Emergency measures should not be needed as the economic recovery gains momentum. What happens if the Economy grows even faster than the 6.5% rate the Fed estimates? Some on the Street see 8%+. That raises another important question: What happens to the Market if the stimulus goes away? This week was a preview. The Fed caught the Market off guard Friday morning with a surprise announcement. It said it would discontinue its supplemental support to the Banks. This should be considered good news that Banks no longer need multiple backstops. But it’s taking something away. The Market has gotten used to this Fed medicine and has a track record of throwing tantrums when it doesn’t get what it wants. You have to start somewhere.

The Dow reached 33K for the first time ever this week. The S&P reached new highs too. Both closed lower Friday, erasing earlier gains, but that had more to do with the Quad Witch of options expiration. Price action has been very choppy. There have been many corrections below the surface, particularly in Tech. It was needed. It is healthy. The sell-off in Tech has been significant. It comes with the territory. Those are risk assets. So-called safe assets have been hurt too.

Investor focus is primarily on stocks. They’re said to be more exciting. Bonds are more important to the Financial System. The Bond Market has been loud. Long-term Treasury Bond Funds are down 15% this year already. The decline has basically erased a decade’s worth of income! The power of rising rates on long-term Bond prices is real. It will be a wake-up call when unassuming Bond Fund investors get their statements in April. This has been the worst drawdown for Treasury Bonds going back 40 years, categorized as a Bear Market for Bonds. We continue to find much more value in the Boring Blue Chips with safe dividends for income. If yields tick a bit higher, it will get us more interested in putting money back to work in the Bond Market.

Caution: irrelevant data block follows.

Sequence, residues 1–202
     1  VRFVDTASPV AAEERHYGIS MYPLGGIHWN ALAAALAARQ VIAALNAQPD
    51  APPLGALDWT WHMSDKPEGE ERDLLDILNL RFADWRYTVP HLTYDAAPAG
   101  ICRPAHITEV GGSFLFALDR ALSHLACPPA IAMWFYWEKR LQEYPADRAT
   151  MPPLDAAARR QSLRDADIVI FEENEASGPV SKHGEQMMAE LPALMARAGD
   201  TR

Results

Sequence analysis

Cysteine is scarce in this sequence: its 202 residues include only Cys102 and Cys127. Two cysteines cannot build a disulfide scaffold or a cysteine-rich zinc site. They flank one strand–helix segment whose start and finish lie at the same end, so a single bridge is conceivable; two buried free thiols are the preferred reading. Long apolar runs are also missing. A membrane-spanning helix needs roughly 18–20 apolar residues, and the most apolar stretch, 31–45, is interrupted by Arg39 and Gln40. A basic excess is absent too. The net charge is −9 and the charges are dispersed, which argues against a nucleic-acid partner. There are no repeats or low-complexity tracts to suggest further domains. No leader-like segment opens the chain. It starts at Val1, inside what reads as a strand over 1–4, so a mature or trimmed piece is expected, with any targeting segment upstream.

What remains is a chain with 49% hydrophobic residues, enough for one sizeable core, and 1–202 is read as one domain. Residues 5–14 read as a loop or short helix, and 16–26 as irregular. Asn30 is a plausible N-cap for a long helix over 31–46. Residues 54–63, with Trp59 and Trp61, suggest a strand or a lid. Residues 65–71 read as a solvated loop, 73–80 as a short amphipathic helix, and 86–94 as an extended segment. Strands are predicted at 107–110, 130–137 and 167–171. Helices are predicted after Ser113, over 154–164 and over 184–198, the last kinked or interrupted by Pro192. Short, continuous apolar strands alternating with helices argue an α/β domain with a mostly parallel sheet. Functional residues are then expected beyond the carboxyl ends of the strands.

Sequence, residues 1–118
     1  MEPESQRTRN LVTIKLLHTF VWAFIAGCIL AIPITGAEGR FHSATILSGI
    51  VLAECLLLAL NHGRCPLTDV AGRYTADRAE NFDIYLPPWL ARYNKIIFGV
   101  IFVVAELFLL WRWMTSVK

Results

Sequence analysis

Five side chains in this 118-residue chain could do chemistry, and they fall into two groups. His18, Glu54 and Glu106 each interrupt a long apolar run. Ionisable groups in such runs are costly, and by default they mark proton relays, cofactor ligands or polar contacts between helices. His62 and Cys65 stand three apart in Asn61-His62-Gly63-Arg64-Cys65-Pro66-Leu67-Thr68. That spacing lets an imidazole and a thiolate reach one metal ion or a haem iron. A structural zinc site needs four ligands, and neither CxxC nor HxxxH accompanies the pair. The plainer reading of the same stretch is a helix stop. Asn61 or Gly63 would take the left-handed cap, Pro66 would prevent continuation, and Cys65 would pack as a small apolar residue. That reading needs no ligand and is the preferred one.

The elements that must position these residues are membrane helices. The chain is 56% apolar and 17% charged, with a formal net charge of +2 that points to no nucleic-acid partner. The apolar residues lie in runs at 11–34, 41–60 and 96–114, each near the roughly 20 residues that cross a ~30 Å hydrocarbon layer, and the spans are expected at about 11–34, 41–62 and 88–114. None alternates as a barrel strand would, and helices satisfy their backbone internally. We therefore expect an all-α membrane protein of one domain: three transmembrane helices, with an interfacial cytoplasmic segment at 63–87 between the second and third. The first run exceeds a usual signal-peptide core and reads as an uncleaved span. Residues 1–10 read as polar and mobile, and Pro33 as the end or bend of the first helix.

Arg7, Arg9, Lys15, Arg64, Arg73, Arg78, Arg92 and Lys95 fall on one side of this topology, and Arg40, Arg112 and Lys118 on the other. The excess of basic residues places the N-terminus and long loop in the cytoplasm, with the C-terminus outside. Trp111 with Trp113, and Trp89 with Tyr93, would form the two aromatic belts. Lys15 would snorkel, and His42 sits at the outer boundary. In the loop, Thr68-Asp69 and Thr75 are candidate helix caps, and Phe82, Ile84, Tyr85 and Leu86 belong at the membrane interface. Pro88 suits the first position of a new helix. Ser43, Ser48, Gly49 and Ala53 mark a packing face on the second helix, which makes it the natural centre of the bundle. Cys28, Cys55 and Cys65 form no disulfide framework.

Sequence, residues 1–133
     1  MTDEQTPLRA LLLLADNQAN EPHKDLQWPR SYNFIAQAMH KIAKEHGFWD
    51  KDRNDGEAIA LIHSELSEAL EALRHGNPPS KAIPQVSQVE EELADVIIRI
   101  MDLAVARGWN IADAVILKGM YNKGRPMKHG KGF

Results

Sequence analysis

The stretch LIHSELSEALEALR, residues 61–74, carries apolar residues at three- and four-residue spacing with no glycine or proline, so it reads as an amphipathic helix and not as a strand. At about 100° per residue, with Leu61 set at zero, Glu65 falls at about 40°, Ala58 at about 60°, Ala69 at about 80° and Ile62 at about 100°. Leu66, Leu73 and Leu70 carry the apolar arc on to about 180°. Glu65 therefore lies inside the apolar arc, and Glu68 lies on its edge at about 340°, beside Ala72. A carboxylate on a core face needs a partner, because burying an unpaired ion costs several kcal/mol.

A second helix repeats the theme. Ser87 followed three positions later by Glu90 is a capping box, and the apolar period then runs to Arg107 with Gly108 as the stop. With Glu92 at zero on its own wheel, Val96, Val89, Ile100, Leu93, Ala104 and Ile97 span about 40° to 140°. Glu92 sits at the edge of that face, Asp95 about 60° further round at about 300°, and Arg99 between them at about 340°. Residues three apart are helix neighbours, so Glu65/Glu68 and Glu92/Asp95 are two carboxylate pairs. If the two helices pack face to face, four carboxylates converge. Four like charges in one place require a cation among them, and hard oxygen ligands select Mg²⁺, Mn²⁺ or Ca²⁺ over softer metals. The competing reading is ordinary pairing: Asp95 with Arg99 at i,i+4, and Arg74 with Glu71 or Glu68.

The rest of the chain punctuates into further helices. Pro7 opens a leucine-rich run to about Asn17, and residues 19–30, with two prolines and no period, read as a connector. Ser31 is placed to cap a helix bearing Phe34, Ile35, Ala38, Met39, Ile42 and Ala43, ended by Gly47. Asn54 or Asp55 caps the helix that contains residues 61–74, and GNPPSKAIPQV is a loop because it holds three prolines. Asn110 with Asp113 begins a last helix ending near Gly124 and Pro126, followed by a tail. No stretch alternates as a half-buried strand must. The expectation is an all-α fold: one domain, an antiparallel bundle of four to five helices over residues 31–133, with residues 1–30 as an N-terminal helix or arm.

The re-opening of America is gaining momentum. There are more cars on the roads. Gyms and Restaurants are opening back up. Travel is increasing. Disneyland plans to re-open its gates on April 30th. It’s been closed for over a year. Large Corporations are not the only ones experiencing a windfall from a broader vaccine rollout and declining COVID caseloads. More than half of U.S. Small Businesses are fully re-opened as many local restrictions were lifted. Will pre-pandemic commercial occupancy rates return? Likely not, at least for a while. A third of businesses surveyed said they would expand digital operations to supplement or replace in-person operations, while only 15% would scale back digital operations to pre-pandemic levels. The hybrid model between in-person and virtual is going to stick for a while, and probably expand. It’s a good step towards some normalcy.

Today is one of the best days of the year in America. It’s tip-off day for March Madness. The College Basketball tournament has officially begun. Millions of Americans across the country are fixated on their brackets. Office pools bring co-workers together. Friends and families playfully compete against each other. You often find yourself rooting for teams you’ve never heard of. Cinderella Stories of little-known schools from nowhere upset the mighty powerhouses, and capture the imagination that anything is possible when you work together. It’s another milestone of proof that we are getting through this. We’re getting through it together.

Have a nice weekend. We’ll be back, dark and early on Monday.

Mike